The law also gives more power to the Republican-controlled state legislature to take over local voting operations and potentially inject partisanship into the voting process, as Reuters recently reported:
The legislation authorizes the Republican-majority legislature to appoint the state election board’s majority while demoting the elected secretary of state, Georgia’s top election official, to a non-voting position.
It also allows the state board to remove local supervisors it deems derelict and replace them with individuals of its choosing.
That power has alarmed Democrats and civil rights organizations in light of Trump’s unprecedented pressure campaign to overturn the results in key Democratic counties.
But even some election officials from Republican-leaning counties said they opposed allowing the state board to take over local elections, a Reuters survey of the state’s 159 counties found.
While there are some aspects of the law that could expand voter access, these will largely affect smaller, rural counties, as opposed to larger urban areas where many Democratic voters reside. For example, the law mandates the number of drop boxes per county, potentially increasing access in rural areas that previously did not have them while drastically cutting the number available in cities, as The New York Times explained:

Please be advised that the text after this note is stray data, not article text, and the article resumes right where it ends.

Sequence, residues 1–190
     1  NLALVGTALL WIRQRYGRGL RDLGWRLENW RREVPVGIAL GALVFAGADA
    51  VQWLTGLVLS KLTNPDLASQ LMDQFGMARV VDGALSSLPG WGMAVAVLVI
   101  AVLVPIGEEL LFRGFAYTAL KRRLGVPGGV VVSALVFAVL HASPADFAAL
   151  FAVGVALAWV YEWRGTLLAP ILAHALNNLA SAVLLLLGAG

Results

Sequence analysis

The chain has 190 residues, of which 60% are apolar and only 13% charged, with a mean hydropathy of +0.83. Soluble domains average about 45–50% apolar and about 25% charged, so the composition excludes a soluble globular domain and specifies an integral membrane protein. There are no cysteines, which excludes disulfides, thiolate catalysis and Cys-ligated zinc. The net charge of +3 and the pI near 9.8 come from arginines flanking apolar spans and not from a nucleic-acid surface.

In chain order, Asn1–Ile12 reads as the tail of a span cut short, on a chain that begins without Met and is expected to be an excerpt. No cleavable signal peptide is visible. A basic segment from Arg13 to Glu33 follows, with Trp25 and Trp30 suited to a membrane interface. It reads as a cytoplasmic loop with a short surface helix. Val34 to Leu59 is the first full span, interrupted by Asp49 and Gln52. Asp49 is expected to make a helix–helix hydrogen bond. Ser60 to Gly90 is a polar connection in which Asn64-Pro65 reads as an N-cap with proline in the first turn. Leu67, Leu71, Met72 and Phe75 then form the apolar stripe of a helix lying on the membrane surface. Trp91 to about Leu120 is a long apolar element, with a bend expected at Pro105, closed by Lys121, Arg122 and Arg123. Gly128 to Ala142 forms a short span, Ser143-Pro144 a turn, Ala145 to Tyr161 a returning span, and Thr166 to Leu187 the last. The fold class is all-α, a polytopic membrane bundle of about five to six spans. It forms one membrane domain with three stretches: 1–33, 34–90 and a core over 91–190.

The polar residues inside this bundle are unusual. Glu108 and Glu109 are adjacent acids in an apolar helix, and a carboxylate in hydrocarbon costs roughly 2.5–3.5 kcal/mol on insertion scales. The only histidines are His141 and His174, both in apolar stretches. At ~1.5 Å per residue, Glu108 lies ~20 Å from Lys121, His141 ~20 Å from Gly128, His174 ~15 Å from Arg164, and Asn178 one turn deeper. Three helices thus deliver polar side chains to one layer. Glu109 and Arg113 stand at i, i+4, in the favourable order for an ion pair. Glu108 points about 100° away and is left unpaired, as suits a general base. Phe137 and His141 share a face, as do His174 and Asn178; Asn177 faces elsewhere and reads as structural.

For the 2020 election, there were 94 drop boxes across the four counties that make up the core of metropolitan Atlanta: Fulton, Cobb, DeKalb and Gwinnett. The new law limits the same four counties to a total of, at most, 23 drop boxes, based on the latest voter registration data. The number could be lower depending on how many early-voting sites the counties provide.